What admirable qualities are held by historically accomplished leaders such as George Patton, Nick Saban, and Oprah Winfrey? It’s not just intelligence and work ethic. They all possess two key traits: (1) the ability to remain open minded and adapt to changing conditions, and (2) they bring out the best in those looking to their leadership. Let’s apply this standard to Alabama’s political leaders.
While we Alabamians are finally seeing significant progress in our state’s economic growth, we trail most of our fellow Southern states over the past 20 years.
In order to finally match and surpass them, long-term, we must retain our hometown young talent and recruit skilled individuals from other states. Accomplishing this objective requires us to present a forward looking, welcoming image, especially at the highest levels.
We have business leaders from Huntsville all the way south to Mobile who possess the innovative skills to succeed and to help us generate new sources of revenue for our state. We need more.
This growth, and resulting tax revenues, can support badly needed healthcare facilities in rural areas, which alone could save lives and allow thousands to get on a path toward better long-term health (leading to a virtuous rather than a vicious loop).
Growth can also help level the educational playing field for students in underserved schools, allowing many more students to achieve their potential and reversing the cycle of poverty that plagues too many areas in Alabama.
Our current leadership, however, must rise to the occasion. Far too often, many of the accomplished students who attend our remarkable universities take their potential — and their tax dollars — to other states. Our own family has witnessed an exodus of children to Denver and Nashville. Why is this happening? The recent political season starkly illustrates part of the challenge we face.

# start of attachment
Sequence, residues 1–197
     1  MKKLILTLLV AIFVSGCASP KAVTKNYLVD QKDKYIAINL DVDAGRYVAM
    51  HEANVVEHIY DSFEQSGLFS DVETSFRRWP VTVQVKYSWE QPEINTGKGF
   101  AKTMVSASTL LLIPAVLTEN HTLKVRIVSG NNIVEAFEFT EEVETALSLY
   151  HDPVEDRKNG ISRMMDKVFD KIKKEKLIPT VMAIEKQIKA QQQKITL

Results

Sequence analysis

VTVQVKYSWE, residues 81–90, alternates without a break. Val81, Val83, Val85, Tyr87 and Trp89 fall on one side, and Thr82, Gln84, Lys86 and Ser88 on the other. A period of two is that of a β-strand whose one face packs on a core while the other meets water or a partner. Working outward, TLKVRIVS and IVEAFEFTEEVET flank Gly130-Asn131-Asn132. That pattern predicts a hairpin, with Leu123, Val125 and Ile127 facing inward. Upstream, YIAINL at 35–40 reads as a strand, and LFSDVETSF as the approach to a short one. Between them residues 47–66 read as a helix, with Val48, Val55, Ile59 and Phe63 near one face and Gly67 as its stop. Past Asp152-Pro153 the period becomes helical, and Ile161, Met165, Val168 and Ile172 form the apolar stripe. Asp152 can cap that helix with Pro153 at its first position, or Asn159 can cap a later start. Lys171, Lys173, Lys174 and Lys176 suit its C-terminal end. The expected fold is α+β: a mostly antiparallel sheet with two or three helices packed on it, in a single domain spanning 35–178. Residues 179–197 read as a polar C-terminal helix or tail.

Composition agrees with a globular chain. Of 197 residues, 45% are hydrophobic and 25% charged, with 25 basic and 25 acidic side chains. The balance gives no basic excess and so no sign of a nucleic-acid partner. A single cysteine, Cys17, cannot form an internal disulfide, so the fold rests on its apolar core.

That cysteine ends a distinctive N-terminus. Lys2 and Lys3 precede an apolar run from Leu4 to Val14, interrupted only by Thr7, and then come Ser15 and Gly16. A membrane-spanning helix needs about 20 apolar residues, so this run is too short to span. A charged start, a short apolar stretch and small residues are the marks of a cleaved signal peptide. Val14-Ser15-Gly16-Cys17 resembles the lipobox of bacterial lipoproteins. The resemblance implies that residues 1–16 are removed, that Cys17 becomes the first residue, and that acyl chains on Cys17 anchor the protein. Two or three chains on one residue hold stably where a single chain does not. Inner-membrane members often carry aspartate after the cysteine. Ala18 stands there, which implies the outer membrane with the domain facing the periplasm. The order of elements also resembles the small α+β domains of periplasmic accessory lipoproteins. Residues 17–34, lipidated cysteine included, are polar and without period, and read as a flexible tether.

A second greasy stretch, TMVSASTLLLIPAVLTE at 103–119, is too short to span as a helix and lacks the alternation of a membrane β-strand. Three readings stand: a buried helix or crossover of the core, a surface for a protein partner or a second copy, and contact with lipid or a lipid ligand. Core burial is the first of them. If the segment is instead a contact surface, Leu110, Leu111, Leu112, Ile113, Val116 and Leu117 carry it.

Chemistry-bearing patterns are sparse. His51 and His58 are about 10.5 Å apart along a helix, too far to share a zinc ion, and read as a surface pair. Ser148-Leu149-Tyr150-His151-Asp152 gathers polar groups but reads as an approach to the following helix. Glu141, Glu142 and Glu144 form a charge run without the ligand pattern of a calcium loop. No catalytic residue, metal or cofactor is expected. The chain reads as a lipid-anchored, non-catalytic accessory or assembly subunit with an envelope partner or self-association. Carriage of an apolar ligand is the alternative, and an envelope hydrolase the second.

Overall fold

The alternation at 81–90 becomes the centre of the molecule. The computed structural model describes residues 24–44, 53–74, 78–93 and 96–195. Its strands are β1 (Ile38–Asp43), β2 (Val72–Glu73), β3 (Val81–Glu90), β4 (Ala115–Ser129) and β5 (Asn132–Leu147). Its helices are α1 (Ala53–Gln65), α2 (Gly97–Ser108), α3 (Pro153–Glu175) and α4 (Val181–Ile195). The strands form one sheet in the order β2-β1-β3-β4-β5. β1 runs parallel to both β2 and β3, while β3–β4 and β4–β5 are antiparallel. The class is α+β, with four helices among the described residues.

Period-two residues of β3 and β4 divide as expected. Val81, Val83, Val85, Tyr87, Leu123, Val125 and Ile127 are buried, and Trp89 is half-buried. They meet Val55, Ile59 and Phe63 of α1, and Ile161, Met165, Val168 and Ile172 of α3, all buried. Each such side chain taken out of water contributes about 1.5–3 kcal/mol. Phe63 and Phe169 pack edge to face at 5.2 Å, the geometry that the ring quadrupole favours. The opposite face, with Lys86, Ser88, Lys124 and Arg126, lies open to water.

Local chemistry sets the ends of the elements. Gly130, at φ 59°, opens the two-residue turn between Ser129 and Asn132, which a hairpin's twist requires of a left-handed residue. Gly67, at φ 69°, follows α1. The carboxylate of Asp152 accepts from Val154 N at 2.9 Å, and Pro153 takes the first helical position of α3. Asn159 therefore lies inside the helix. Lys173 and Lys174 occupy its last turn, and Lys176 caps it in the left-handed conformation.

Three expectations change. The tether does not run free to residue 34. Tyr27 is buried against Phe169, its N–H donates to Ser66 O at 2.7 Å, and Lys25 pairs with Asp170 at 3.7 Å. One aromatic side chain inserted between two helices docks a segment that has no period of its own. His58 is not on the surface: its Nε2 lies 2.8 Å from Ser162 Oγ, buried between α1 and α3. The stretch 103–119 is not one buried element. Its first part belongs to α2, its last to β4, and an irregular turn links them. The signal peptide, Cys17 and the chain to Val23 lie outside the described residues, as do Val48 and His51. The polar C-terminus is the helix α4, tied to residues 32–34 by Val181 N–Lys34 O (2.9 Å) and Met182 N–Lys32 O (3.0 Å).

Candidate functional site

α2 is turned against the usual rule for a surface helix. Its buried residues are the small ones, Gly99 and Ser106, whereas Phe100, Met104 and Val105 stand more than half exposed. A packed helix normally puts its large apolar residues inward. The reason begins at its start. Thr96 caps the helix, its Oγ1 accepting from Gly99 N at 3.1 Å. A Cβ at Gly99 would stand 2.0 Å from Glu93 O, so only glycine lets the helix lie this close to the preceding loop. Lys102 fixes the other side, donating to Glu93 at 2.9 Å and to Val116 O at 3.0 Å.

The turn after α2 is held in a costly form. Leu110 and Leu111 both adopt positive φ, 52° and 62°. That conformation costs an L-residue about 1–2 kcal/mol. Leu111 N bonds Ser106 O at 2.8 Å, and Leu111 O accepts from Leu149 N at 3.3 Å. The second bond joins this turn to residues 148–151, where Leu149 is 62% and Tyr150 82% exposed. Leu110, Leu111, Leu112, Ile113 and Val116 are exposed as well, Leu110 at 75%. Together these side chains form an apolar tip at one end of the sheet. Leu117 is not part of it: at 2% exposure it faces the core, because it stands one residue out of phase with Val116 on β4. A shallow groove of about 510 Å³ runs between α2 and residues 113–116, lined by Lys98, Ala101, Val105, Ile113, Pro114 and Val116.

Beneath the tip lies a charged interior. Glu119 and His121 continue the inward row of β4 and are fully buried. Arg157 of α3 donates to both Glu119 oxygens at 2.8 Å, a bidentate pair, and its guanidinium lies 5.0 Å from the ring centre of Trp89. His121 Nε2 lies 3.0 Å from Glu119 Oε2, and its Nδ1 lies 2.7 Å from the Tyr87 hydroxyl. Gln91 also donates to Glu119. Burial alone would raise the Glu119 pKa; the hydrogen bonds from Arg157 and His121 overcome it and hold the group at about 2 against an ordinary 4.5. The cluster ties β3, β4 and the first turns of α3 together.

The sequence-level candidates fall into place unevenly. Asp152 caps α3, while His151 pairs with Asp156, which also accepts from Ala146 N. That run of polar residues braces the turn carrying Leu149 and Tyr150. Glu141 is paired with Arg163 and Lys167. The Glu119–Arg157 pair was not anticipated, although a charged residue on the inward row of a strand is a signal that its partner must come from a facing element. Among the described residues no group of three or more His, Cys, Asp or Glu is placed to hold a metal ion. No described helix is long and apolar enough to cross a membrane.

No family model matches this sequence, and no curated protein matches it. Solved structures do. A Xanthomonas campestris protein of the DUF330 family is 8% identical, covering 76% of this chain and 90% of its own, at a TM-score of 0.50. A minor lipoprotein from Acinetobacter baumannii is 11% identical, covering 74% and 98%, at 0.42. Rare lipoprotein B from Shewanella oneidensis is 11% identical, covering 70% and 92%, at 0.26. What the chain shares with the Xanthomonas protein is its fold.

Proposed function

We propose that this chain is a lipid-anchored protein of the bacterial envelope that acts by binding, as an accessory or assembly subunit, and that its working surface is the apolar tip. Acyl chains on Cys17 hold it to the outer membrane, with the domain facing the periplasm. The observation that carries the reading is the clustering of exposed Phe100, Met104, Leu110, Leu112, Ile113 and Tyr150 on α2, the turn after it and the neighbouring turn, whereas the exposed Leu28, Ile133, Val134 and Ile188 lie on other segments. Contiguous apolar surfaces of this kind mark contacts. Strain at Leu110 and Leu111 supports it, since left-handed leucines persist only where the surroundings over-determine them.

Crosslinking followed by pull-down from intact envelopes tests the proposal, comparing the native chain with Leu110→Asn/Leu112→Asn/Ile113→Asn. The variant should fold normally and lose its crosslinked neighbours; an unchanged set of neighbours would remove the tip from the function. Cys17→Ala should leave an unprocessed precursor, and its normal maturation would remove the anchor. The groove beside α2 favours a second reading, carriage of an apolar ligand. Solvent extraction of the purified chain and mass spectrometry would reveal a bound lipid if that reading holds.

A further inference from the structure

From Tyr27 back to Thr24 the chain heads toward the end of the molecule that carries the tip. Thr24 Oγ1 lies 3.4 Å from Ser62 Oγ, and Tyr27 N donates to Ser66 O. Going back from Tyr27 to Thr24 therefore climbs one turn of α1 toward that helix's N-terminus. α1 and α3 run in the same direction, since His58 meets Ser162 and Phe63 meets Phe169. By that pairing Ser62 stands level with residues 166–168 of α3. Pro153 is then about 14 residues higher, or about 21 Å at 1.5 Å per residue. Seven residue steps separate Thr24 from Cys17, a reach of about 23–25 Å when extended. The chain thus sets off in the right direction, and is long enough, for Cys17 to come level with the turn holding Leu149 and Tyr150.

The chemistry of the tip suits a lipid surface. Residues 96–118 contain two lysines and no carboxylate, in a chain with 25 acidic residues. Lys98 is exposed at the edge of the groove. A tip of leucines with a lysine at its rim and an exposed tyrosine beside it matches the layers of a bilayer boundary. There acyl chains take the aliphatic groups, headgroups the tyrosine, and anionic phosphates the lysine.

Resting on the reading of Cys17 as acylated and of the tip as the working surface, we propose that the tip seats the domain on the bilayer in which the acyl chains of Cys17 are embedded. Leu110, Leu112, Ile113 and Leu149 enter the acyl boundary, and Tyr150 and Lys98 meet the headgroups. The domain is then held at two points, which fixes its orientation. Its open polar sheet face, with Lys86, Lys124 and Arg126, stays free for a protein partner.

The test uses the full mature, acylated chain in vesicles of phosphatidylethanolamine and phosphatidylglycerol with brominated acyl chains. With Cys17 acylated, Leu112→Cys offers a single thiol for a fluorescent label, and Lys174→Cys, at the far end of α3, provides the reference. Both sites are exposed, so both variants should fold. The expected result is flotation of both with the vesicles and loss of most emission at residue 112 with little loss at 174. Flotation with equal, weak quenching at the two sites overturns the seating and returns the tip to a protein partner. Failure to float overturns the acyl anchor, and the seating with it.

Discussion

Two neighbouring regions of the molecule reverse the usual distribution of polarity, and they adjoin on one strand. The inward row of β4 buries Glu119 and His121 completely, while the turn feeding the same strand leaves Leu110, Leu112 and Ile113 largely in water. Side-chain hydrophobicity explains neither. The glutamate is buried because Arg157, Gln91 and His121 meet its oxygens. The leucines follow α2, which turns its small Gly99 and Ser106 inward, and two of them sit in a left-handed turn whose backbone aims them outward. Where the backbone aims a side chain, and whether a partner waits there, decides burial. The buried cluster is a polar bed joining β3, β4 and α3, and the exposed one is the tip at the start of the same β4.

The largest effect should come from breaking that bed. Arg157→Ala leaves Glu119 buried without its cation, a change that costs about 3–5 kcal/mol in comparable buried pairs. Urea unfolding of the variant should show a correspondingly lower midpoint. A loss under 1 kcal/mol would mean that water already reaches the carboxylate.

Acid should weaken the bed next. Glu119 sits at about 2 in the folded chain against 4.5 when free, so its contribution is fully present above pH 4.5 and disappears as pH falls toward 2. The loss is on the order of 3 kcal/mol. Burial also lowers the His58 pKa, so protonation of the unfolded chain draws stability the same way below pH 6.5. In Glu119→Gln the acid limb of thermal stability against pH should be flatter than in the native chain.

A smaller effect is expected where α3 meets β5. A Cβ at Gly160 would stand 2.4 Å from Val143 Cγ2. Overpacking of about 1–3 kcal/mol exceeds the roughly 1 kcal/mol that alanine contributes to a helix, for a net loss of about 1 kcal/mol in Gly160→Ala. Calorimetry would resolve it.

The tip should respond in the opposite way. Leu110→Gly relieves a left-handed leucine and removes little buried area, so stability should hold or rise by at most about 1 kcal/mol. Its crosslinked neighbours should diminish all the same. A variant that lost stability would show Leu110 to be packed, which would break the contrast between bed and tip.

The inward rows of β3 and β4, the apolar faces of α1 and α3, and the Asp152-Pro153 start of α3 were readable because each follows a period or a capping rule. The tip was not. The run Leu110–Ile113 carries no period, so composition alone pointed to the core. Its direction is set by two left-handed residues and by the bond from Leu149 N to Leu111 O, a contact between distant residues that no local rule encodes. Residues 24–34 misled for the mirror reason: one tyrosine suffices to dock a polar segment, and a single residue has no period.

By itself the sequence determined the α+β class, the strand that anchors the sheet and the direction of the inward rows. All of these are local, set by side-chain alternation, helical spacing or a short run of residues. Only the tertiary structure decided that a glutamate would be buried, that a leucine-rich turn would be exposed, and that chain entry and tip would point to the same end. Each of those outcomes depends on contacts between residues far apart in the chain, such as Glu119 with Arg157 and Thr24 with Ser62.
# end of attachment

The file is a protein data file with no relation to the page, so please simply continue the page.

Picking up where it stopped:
Thank goodness we voters rejected messages from some Gubernatorial candidates filled with contempt toward gay and transgender individuals as well as Hispanic immigrants. On that last point, surely we can have productive discussions regarding the appropriate levels of immigration and ways we can reduce the flow of human and drug trafficking, while simultaneously expressing our deep gratitude for individuals of disparate backgrounds who have made Alabama their home.
Two of the most notable winners in the recent primary— Kay Ivey and Katie Britt, who will face off against Mo Books in a primary runoff — would be well served to engage in self-reflection regarding their messaging. My mom, who recently turned 88, cannot easily be shocked. Yet her reaction was visceral when we watched an ad from Governor Ivey that concluded with her whipping out a gun from her purse. Was she sending a subtle, or worse, message about how to resolve conflicts?
A few weeks ago our family was watching the local news when an ad from Ms. Britt’s campaign appeared. She spoke about the need to “build the wall” to restrict the flow of immigrants across the Mexican border.
While that is part of an appropriate conversation, what happened next was not. In a nanosecond the ad shifted to a video of her firing a gun at clay pigeons.
Our 10 year old grandson was startled and asked me, “Is she going to shoot those immigrants?” I told him of course not; she was now discussing a separate matter, the 2nd Amendment. Our grandson was still confused. “Papa, I have a friend in school who is an immigrant. Will she be safe?”
These are not the sorts of questions a 10-year-old should be posing, nor the ones a grandfather should have to answer.
As was the case with Governor Ivey, we are left to wonder, exactly what was the intended message?
Seasoned political experts tell me they are hesitant to place these ads but fear for their political future if they do not. That won’t cut it; these ads do not bring out the best in us, and they drive away many individuals who could help our state.
We Republicans need to take a stand. True leadership does not foment rage, does not play upon fear. Great leaders, be they in business, education, charities or sports teams, seek to inspire. They help mold us into a better team, better company, better society.
Our Alabama leaders ask that we think the best of them. If we vote for and trust them, they in turn should avoid appeals to our worst instincts and instead demonstrate confidence in what Lincoln referred to as “the better angels of our nature.” Our future, especially for those most in need of progress, depends on it.
Bart Starr, Jr. grew up in Green Bay, Wisconsin, and has called Birmingham home for nearly four decades. He is a small agricultural commodities business owner who supports a boys ranch founded by his parents, as well as other charities. He and his wife Elaena cherish the values and unselfishness that make Alabama such a wonderful place to live.